James J. Tissot “Portrait of Jules De Concourt” Etching-Drypoint
James Jacques Joseph Tissot (October 15, 1836 — August 8, 1902) was a Frenchpainter etcher and illustrator.
Tissot was born at Nantes. He studied at the École des Beaux-Arts in Paris underIngres, Flandrin and Lamothe, and exhibited in the Paris Salon for the first time at the age of twenty-three. In 1861 he showed The Meeting of Faust and Marguerite, which was purchased by the state for the Luxembourg Gallery. His first characteristic period made him a painter of the charms of women. Demi-mondaine would be more accurate as a description of the series of studies which he called La Femme a Paris.
It was many years before he turned to the chief labor of his career, the production of a series of 700 watercolor drawings to illustrate the life of Christ and the Old Testament. He disappeared from Paris, whither he had returned after the death of Kathleen Newton, and went to Palestine. In 1896 the series of 350 drawings of incidents in the life of Christ was exhibited in Paris, and the following year found them on show in London. They were then published by the firm of Lemercier in Paris, who had paid him 1,100,000 francs for them. (Over 500 related drawings, watercolors and oils are now in the collection of the Brooklyn Museum.)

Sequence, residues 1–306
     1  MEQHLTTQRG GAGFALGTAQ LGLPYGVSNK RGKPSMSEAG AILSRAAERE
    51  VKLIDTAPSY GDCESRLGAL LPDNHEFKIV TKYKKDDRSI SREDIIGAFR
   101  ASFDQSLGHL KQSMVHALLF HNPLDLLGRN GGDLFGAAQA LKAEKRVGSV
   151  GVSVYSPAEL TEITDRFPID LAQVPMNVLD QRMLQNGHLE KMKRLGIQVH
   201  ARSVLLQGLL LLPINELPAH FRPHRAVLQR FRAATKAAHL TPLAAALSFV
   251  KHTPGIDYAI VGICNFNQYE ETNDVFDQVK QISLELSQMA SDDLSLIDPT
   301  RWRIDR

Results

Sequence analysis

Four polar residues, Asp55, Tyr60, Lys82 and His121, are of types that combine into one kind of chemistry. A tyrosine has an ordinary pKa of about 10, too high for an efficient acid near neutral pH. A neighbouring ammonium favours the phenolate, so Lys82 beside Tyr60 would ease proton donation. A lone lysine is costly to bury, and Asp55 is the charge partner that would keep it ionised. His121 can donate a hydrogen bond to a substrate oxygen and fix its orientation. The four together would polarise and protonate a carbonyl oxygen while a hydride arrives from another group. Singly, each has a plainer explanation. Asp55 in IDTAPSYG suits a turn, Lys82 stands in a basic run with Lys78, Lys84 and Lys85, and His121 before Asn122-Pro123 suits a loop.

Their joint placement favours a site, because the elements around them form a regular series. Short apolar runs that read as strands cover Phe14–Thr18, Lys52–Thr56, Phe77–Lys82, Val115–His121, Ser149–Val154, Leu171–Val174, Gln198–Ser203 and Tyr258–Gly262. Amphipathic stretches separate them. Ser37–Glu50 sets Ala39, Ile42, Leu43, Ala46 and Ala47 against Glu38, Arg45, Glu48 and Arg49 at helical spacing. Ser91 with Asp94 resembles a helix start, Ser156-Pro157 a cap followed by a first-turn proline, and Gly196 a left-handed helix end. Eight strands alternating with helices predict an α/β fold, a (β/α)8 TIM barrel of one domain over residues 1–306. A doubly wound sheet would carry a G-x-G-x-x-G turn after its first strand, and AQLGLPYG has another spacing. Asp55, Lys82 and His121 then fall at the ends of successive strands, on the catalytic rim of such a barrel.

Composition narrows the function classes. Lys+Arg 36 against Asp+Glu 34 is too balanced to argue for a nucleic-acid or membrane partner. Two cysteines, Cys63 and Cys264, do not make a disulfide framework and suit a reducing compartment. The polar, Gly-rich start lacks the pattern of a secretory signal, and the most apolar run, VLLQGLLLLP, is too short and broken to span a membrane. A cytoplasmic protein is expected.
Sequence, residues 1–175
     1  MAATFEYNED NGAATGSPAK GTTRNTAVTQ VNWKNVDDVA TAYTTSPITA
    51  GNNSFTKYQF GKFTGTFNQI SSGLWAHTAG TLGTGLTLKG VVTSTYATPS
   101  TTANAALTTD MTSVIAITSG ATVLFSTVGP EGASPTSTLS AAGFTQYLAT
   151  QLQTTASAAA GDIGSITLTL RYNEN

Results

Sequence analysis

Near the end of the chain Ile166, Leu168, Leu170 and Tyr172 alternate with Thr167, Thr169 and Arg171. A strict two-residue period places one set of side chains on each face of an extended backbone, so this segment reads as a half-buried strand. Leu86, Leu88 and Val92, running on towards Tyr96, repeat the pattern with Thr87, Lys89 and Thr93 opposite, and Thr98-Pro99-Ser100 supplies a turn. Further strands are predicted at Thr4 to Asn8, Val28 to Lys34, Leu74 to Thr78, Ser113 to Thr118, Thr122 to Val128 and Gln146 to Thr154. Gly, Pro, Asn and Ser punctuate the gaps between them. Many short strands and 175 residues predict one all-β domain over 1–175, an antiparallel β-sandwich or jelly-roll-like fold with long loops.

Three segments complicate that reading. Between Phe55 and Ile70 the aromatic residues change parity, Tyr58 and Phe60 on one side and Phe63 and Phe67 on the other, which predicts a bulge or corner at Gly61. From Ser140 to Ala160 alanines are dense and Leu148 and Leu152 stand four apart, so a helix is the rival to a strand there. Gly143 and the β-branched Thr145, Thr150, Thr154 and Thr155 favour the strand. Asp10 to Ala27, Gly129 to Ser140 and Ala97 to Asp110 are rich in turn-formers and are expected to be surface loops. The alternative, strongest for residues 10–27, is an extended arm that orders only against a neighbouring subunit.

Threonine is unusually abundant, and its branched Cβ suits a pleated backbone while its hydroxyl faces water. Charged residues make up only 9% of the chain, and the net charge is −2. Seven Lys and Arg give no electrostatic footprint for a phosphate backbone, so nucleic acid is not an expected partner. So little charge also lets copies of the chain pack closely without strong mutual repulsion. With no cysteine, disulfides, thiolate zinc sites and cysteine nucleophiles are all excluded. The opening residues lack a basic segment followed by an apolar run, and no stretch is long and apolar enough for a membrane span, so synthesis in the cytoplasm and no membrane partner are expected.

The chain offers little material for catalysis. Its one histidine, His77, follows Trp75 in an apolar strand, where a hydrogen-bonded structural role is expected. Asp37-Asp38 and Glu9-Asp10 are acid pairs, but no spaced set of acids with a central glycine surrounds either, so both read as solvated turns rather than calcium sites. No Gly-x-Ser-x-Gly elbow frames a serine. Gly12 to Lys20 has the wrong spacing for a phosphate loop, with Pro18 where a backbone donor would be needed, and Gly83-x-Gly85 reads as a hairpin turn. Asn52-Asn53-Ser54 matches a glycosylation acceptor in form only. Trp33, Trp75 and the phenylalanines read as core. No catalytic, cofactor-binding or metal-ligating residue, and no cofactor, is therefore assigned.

Here we have a great impression of James Tissot “Portrait of Jules De Concourt”, Etching-Drypoint, plate signed from a edition of 550. This and the second work were published 1884 by G. Charpentier, Paris. Each work measures 5.50 by 3.75 inches on antique laid paper in good condition